On the Road: Club Med, Punta Cana, Dominican Republic
The official schedule of the day's activities at Club Med, Punta Cana listed a series of tennis clinics during my visit late last fall, so I strolled over the courts to take part. Instead, I bumped into the future.
Mike Woody, a national cardio tennis trainer, had recently arrived from his home club in Michigan to instruct the Punta Cana g.o.s (or gentils organisateurs) in the fine art of running cardio tennis drills. So instead of the scheduled strategy clinic, the dozen or so of us g.m.s (or gentils membres) strapped on heart monitors and became willing guinea pigs as Woody put us and the first of several pros through an unexpected demo of the program Club Med expects to launch officially sometime late this spring.
Serendipitous though that was, my real reason for visiting this particular Club Med was to experience firsthand what a $34 million investment had done to enhance the family-oriented property. For the French-based company, the changes at Punta Cana signal a new direction. Its chairman and CEO, Henri Giscard d'Estaing, says that the intention is to make it "the best of the all-inclusive upscale family resorts," a goal it shares with Club Med, Ixtapa in Mexico.
Nothing is more central to that effort than Tiara, a necklace of 32 two-bedroom oceanfront family suites with such deluxe amenities as flatscreen televisions, in-room computers and espresso makers, concierge and laundry service, in-room breakfasts, stocked mini bars, in-room massages, golf-cart transportation around the grounds, and private pickup from the airport. Guests of Tiara also have their own private oceanfront infinity swimming pool, with a lifeguard on duty. Staying in one of these suites also comes with added perks, among them private pickup at the airport, golf-cart transportation around the property, concierge and laundry service, a stocked mini bar, and breakfast room service.
Even if you're not staying in Tiara—and I wasn't—the enhancements to this Club Med are so extensive and appealing that it's worth checking out, especially if you have children. Kids have been a focus of this Club Med since it opened in 1980, but with these latest additions they now have programs for the entire gamut of ages, from four months to teens. Divided into appropriate age groups, each cluster has its own g.o.s and activities, including mini-tennis on a small, dedicated court beneath a tarp at the Mini Club and junior tennis at the courts.
The Mini Club itself creates an almost village-within-a-village atmosphere, with a large shallow pool with slides and water features as well as playgrounds appropriate to different age levels and rooms to nap, get out of the sun, or in case of rain do arts and crafts. The g.o.s focus not only on keeping the kids occupied but also on helping them develop skills, from a baby gym to a circus school. Teens, meanwhile, have "The Ramp," a supervised skateboard/rollerblade park and their own place to hang out called "the Lab," where they can pursue creative activities like video editing, DJ lessons, theatre, and more.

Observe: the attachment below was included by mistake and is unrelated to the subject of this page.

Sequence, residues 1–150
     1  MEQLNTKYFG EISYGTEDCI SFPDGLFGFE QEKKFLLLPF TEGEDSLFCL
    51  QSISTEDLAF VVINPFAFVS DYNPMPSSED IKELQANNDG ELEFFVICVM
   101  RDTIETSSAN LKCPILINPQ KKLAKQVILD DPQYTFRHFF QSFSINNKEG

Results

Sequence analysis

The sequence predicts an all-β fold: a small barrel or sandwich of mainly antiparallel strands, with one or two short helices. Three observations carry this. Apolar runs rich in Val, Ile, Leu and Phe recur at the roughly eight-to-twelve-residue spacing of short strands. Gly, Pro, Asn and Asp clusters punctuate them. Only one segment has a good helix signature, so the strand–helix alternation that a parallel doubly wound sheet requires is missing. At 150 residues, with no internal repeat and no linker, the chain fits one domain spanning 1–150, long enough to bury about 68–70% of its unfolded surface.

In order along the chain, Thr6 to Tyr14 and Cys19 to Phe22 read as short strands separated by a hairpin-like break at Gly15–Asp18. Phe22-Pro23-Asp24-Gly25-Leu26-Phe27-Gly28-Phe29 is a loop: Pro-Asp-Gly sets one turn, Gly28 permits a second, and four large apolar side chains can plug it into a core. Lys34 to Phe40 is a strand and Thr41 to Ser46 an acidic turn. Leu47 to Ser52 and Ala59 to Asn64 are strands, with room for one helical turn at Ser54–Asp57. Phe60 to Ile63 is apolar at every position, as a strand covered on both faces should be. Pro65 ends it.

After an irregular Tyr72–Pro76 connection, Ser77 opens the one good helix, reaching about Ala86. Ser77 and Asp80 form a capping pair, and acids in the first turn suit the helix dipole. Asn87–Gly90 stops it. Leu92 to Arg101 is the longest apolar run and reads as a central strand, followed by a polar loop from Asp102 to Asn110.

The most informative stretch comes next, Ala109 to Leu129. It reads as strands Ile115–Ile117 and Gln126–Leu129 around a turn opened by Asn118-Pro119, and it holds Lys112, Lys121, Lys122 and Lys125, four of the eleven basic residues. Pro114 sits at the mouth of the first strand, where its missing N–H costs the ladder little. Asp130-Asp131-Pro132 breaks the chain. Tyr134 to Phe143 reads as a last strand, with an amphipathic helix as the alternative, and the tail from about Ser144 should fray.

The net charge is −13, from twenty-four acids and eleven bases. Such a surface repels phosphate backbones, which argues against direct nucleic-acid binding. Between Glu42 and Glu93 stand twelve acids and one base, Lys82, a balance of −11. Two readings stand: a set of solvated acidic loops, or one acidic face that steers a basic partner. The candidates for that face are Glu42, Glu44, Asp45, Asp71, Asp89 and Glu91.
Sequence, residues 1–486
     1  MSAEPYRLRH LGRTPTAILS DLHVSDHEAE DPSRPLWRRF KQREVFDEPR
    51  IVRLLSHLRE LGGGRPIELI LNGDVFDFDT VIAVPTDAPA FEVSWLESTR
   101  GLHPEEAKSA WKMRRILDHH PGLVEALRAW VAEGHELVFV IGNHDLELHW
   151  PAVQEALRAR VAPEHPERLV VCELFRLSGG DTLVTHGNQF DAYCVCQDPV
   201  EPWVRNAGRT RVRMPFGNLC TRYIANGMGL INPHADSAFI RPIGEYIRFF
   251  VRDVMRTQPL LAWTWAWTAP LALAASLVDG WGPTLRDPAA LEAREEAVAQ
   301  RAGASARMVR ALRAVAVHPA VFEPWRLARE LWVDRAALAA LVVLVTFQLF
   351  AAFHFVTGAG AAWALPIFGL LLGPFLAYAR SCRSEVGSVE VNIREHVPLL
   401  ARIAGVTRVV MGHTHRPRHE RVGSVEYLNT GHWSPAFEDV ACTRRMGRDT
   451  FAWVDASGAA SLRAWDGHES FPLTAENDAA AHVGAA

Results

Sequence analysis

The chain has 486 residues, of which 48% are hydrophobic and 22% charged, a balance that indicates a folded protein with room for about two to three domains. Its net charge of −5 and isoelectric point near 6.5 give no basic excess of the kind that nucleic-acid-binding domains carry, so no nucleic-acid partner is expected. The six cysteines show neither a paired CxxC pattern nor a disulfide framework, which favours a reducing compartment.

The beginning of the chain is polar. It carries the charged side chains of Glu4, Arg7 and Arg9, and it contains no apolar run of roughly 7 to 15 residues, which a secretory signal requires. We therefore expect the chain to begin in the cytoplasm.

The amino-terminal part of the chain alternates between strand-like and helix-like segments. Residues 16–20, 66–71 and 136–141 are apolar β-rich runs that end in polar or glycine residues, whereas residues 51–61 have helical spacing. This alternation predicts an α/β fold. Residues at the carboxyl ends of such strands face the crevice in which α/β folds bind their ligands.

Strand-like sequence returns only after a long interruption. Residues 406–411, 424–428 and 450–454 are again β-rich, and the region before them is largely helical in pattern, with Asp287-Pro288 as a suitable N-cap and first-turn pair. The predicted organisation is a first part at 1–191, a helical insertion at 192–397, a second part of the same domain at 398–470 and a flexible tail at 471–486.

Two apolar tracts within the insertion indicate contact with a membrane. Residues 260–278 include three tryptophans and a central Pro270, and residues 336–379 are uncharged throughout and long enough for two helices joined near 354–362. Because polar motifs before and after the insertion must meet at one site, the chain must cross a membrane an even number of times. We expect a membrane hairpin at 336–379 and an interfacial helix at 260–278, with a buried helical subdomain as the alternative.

As an adult, I had an equally lengthy roster of daily options. The sheer size of this Club Med—at 75 acres it's the second-largest in the North American zone—provides ample room for diversions of every stripe, from the 12 newly resurfaced hard courts to a free-form pool the length of a football field and a flying trapeze. Not surprisingly many of the activities take place at the beach or in the ocean. The beach is in fact one of the glories of the Club. At almost 2,000 feet long and 165 feet deep, this boulevard of soft sand borders turquoise waters protected by an offshore reef. At its core stands Celeste, a casual restaurant/bar by day and a nightclub after dark, along with a covered stage in a coconut grove for merengue, salsa, and yoga classes. Platoons of lounge chairs extend in both directions. Part of the ocean has been roped off for swimming, while water sports launch from another. The far northern end of the beach, away from all this activity, tends to be less congested, luring adults (some of them topless) in search of a quieter spot to plop down on a lounge chair.
That tranquil, far northern end is also appropriately the location of the new spa, which sits slightly back and above the beach. It has a couple of outdoor palapas for individual and couples massages as well as another eight treatment rooms inside and a Zen-inspired open-air lounge with a plunge pool at one end. Traditional massages aside, you can also choose from aroma scrubs, mud treatments, pearl facials, and more.
There are two restaurants: Samana, modeled on a marketplace, and the oceanside Hispaniola. Both serve elaborate buffets with an abundance of international entrees, salads, breads, cheeses, and desserts. Nightlife, meanwhile, typically begins with drinks at El Cielo, the open-air bar at the reception center, and continues after dinner first in the theater and later in the oceanfront bar Celeste. And finally, if you want to get off property and explore the Dominican Republic, you can choose from a dozen or so excursions (at extra cost), among them trips to a small village, a school, and a plantation—sampling tropical fruits and Dominican coffee along the way—a wildlife park, and the historic capital city of Santo Domingo.
As for the tennis, the cardio workouts are tentatively sheduled to begin in May, the last I heard. Meanwhile, there are clinics in the mornings and some sort of social or competitive activity in the late afternoon. Court time is free. And when not runnign other programs, the g.o. pros are available for private lessons.
For additional information, including rates, visit the Club Med, Punta Cana website.
©2013 Roger Cox